Life Orb Aegislash, do you remember it? It had given me some trouble, and it quite intrigued me. The more common Weakness Policy is a concept I don't enjoy too much, since people usually found ways to play around it and then it had a lot of potential to miss its original point (but more on that later, as I actually later used a team where I felt like Weakness Policy was the right call). Life Orb Aegislash offers high instant damage output and the only real defense against it is to kill it, plain and simple. It naturally made it into the team as Hyper Voicing Fairies crept back up from near oblivion and it was clear that I would eventually need a better defense against them than just walling them with Heatran and Amoonguss until I can somehow kill them.

Generic EV spread again here, I didn't really have a convincing idea for something else. It seemed to have the best odds of winning Aegislash mirrors without having to compromise its stats against everything else for it.

The Fall

Final Practice

My final practice sessions showed me the signs all too well... I somehow managed to get above 1900 on Battle Spot for the first time and my record didn't look too bad, but...something was off in the way how it's been done. I felt like I ran into five straight bad matchups in a row and I won in all of them, but none of these wins felt really deserved. All I was seeing was my opponents' mistakes or my own luck in shit like Sleep turns. And to that we can add Rotom's bad luck and other small things. The consistency I had known from earlier was magically gone and I didn't really want to believe it. Well, not that I was allowed to, even... I had no other options at this point. The Charizard team was even more inconsistent and most notably didn't like the official timer, and something completely new out of nowhere would only be crying for disaster, wouldn't it? I pretty much was Hell-bent in the real sense of the word. I clung to the false hope that all these problems would just solve themselves.

Stuttgart and Aftermath

I've already written an account on that in the perfectly desirable level of detail, so go look that section up there. Back home after the fact, I tried to give the team another chance between playing around with new things, also tried to bring in new changes and all, but it was pure despair. There was nothing I could do to save it, absolutely nothing. I had to move on. And what makes it actually funny: the nickname theme, I had completely jinxed it. The team was meant to finally bring me that Nationals top cut result I so longed for, and I finished farther away from it than ever before.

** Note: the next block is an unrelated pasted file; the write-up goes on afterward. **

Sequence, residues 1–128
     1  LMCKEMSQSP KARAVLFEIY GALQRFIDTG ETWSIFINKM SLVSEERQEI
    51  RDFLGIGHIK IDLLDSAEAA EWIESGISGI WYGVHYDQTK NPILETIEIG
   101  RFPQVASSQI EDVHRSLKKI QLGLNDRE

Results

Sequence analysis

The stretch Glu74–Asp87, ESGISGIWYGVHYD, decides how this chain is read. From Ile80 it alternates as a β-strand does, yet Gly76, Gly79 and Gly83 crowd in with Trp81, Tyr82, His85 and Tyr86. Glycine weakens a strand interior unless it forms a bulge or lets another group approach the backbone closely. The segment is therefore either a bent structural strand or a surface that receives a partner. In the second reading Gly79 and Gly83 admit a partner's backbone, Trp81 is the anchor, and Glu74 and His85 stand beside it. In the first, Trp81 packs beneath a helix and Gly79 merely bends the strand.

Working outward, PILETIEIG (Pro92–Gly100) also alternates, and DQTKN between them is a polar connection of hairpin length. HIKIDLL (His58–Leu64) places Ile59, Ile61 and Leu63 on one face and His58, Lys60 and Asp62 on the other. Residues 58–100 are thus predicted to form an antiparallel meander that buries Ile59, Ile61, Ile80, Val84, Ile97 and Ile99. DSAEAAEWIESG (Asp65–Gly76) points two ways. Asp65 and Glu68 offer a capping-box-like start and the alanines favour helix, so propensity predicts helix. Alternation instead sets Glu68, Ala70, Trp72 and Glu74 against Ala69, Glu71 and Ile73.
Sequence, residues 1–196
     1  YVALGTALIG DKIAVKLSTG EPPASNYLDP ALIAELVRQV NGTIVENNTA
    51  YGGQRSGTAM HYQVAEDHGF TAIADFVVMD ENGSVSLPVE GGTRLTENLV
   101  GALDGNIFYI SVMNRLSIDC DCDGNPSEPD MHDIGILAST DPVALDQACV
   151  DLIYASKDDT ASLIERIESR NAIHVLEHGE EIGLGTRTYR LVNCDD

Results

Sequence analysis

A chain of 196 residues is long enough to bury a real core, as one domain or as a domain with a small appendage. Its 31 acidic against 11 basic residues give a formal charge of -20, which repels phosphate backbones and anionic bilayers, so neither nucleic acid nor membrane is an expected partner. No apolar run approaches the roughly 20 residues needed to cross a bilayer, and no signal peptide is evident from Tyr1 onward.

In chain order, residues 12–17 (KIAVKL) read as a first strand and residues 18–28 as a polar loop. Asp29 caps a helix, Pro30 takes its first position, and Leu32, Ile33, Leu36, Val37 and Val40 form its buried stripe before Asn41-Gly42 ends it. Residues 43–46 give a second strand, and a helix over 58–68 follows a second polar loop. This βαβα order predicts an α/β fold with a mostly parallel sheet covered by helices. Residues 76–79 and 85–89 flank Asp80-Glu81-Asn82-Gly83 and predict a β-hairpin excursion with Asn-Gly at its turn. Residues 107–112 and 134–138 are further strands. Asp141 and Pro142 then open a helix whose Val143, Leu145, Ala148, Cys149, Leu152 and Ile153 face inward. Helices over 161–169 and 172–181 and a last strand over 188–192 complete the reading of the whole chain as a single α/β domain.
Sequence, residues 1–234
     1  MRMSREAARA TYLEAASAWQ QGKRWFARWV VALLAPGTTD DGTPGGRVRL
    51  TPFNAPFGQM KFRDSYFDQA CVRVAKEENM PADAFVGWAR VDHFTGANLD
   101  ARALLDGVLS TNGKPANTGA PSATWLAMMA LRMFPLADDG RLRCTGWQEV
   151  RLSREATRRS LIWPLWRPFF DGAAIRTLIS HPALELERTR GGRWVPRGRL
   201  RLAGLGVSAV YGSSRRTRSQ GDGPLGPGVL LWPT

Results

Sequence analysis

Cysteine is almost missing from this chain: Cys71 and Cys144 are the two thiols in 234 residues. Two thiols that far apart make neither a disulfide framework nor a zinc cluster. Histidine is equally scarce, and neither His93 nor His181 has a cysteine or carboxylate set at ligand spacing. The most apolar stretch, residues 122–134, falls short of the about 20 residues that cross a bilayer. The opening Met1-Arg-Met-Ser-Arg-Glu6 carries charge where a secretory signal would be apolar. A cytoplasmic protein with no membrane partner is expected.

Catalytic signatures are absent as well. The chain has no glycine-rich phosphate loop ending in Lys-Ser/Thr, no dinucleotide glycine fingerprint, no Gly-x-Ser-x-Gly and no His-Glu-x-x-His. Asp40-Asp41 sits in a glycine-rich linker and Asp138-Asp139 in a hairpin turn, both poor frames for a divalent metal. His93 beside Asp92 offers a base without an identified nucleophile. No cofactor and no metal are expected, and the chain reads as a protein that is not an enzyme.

Landorus and Kangaskhan as the metagame's superstars weren't too problematic to handle for me, Heatran as the next in line wasn't too bad as well. I always seemed to do all right against them over the years, so fair enough. But what this whole experience has taught me: never be so vulnerable to freaking Thundurus again ever. Thundurus shouldn't be more than a garbage mon as soon as he can't get his RNG bullshit going the right way, but yeah, you're seeing it, I can't even remove him easily when my mons are allowed to move most of the time, and by the time he's gone, who knows how much I had to pay for it. I can't believe how this issue slipped me for whole months, leading me to falsely believe it wouldn't be that much of an issue...

Moral of the story: I was pretty much behind with my team-building, but my nickname jinxing was spot-on.

We're continuing the Nats story without a break, so up next is what you commonly call "Japan sand". I'm planning to do that in three parts now, because I think that archetype clearly is good enough and I'm also feeling it strongly enough to warrant this much space. Take care.